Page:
Claiborne recounts the journey St Francis made in 1219 to Egypt where crusaders were battling “Saracens.” Yes, he was sickened by the carnage and brutality he witnessed there and worked as a peacemaker to both sides. But the saint made his journey to convert Muslims to Christianity. Is that Claiborne’s model of ecumenical outreach?

Read the absurdly fantastic demands of the Occupy Wall Street crowd including free college education, multi-trillion dollar government spending programs, living wages for all, and the like. You wonder: Who is really worshiping Mammon here? Their program is devoid of any spiritual value. It is a political manifesto, imbued with grievance and aimed at plunder.

Love for the neighbor? Not if you’re one of those neighbors working on Wall Street — or Main Street for that matter. The protesters should listen to the saint’s words:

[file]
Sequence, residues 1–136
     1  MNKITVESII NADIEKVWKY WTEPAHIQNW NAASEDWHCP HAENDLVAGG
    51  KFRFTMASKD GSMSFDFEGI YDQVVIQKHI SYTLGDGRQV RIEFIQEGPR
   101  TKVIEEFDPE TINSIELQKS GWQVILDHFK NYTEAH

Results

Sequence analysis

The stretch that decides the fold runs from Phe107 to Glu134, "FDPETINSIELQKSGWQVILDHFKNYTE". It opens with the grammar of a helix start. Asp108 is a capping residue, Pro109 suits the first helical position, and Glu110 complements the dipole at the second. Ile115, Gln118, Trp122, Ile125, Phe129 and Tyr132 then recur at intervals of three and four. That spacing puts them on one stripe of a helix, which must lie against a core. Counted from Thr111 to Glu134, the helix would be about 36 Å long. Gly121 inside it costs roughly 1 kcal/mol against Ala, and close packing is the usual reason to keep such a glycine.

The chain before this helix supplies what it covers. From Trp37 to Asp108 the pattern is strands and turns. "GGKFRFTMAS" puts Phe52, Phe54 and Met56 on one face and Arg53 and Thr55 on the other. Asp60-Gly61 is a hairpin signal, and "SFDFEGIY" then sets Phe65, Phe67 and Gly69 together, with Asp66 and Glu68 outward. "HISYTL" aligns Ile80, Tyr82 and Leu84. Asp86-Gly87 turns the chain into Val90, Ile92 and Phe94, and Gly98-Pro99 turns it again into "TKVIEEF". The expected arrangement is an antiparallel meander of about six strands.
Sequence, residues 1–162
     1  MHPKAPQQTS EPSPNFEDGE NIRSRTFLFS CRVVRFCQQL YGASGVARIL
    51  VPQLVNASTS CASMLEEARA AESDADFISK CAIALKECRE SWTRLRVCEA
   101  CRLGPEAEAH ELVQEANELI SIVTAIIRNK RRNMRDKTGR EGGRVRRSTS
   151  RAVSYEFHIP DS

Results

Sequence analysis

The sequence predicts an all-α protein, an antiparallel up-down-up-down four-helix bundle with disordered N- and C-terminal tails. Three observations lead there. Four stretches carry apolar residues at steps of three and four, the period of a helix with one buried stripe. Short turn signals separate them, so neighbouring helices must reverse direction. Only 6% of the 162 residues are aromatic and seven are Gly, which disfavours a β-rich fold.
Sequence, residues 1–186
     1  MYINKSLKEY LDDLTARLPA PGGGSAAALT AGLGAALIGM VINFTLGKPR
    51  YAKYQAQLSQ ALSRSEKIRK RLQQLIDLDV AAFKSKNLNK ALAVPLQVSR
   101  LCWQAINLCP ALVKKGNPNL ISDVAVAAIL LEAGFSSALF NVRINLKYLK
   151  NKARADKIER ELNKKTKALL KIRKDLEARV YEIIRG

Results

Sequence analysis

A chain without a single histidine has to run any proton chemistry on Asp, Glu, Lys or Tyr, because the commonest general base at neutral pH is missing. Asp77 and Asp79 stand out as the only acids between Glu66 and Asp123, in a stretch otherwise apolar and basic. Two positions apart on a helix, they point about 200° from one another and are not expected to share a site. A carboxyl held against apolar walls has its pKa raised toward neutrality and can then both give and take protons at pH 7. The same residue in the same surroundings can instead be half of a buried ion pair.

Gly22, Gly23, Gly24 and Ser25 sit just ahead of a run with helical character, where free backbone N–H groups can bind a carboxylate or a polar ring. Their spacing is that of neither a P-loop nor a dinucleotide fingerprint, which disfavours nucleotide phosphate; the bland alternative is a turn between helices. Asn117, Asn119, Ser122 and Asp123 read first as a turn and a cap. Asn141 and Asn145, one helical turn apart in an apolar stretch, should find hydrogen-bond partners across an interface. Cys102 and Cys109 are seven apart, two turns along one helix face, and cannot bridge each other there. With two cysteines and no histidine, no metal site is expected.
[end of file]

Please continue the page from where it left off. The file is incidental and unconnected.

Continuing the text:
And all the brothers should beware that they do not slander or engage in disputes; rather, they should strive to keep silence whenever God gives them [such] grace. Nor should they quarrel among themselves or with others, but they should strive to respond humbly, saying: I am a useless servant. And they should not become angry, since everyone who grows angry with his brother shall be liable to judgment; and he who has said to his brother ‘Raqa’ shall be liable to the Council; whoever has said ‘fool’ shall be liable to the fires of hell (Mt. 5:22). And they should love one another, as the Lord says: This is my commandment: that you love one another as I have loved you (Jn. 15:12). And let them express the love which they have for one another by their deeds, as the Apostle says: Let us not love in word or speech, but in deed and in truth (1 Jn. 3:18). And they should slander no one. Let them not murmur nor detract from others, for it is written: Gossips and detractors are detestable to God (Rom. 1:29-30). And let them be modest, by showing meekness toward everyone (cf. Tit. 3:2). Let them not judge or condemn. And as the Lord says, they should not take notice of the little defects of others. Rather they should reflect much more on their own in the bitterness of their soul. And let them strive to enter through the narrow gate, for the Lord says: Narrow is the gate and hard the road that leads to life; and there are few who find it (Mt. 7:14).”